Welcome to European Tribune. It's gone a bit quiet around here these days, but it's still going.
It's not completely true: the president is leading the armed forces when engaged: he has the final say in using nuclear weapons. But he does not decide all military matters. He has to consult the parliament in case of declaration of war (unlikely) or in case of foreign intervention (mali type). He is completely helpless in choosing the size and organisation of armed forces. He has no power to decide which treaties are to be signed...and ratified.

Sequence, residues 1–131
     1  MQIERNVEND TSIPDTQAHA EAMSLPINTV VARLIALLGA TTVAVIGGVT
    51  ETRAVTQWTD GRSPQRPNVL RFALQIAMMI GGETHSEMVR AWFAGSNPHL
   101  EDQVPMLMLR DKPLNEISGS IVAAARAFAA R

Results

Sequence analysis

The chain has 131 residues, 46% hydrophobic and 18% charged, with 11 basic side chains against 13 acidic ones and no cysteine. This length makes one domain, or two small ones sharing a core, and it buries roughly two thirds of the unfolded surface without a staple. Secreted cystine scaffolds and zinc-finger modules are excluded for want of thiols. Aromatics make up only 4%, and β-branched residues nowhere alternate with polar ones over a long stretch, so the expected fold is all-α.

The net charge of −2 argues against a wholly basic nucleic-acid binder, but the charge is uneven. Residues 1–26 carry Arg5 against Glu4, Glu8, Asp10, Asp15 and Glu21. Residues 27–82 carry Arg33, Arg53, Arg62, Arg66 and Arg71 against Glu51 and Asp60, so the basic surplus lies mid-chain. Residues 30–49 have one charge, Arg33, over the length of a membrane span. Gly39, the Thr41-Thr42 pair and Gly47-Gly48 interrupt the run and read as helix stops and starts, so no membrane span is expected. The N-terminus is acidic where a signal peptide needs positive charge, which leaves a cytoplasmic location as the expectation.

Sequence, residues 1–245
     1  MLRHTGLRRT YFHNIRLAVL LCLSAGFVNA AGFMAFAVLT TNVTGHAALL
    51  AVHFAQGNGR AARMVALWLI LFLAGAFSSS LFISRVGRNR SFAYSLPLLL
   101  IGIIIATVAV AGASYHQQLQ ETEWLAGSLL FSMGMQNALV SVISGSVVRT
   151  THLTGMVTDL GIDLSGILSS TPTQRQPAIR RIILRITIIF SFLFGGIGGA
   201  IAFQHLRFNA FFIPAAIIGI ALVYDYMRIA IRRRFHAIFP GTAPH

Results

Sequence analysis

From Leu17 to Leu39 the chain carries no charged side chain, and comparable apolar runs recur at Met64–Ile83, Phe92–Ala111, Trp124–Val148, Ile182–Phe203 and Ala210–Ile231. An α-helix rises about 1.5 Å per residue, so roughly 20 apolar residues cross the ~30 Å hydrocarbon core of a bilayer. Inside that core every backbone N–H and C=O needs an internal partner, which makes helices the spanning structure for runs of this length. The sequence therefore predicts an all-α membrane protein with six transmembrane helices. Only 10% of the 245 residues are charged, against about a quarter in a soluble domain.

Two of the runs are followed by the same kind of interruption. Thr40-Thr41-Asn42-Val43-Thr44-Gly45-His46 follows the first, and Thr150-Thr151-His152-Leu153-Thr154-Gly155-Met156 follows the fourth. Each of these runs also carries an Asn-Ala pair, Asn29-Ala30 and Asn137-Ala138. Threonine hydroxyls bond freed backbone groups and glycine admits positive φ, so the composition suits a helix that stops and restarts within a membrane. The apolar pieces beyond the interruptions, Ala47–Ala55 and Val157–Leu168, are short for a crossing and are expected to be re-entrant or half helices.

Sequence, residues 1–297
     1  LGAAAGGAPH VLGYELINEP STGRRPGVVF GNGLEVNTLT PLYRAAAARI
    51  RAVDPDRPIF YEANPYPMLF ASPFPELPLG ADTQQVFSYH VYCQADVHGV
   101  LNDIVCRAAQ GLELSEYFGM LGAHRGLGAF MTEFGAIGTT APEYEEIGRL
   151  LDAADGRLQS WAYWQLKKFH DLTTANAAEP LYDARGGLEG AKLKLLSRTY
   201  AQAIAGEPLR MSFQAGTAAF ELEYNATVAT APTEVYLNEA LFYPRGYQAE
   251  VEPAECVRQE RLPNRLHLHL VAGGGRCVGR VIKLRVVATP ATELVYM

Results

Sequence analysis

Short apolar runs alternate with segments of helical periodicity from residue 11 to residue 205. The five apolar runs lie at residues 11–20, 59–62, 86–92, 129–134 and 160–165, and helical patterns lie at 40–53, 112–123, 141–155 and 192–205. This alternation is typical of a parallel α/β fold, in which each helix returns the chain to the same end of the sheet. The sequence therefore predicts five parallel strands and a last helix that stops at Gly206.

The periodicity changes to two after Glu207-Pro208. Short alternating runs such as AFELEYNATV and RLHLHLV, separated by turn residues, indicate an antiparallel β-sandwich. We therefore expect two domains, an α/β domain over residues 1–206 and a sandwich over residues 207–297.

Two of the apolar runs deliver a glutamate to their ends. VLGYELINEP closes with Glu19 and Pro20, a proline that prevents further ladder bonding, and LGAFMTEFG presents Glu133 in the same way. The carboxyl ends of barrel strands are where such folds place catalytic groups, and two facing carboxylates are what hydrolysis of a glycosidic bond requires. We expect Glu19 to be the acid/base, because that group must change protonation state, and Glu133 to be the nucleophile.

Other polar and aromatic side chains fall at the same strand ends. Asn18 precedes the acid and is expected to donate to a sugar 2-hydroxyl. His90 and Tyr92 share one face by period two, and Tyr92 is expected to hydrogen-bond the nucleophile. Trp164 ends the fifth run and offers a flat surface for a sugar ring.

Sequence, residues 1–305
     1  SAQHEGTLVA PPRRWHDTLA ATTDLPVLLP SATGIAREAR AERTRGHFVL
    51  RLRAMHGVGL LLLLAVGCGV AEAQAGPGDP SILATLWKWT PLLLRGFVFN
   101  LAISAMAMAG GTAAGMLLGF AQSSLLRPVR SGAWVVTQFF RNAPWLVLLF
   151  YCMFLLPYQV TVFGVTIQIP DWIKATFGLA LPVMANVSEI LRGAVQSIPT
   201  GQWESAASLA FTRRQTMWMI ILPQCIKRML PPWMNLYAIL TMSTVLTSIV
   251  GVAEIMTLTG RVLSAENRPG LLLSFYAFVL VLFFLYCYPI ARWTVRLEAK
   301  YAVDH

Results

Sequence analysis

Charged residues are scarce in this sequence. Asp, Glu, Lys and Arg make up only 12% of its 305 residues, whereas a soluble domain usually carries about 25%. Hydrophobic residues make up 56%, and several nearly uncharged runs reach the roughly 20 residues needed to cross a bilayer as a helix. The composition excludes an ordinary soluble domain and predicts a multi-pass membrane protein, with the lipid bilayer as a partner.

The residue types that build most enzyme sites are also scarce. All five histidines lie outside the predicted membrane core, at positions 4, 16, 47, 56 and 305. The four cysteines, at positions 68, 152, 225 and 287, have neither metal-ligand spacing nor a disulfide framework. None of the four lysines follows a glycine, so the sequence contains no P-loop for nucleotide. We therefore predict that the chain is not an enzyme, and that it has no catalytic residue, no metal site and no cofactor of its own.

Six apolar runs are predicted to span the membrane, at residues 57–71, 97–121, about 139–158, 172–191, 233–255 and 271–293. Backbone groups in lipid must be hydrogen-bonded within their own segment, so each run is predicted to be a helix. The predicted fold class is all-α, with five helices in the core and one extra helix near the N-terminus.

And he has to sign the laws passed by his government. It's an obilgation, even if he could delay them a litle. The french constitution is a lot less presidential than what is usually considered. It's just that, after the III and IV republic regimes, we sort of collectively choose a more presidential regime over the situation that prevailed before. And even this consensu is being modified in the last years, as more and more people ask for a return to IV republic era mechanisms.

by Xavier in Paris on Thu Feb 12th, 2015 at 10:15:03 AM EST
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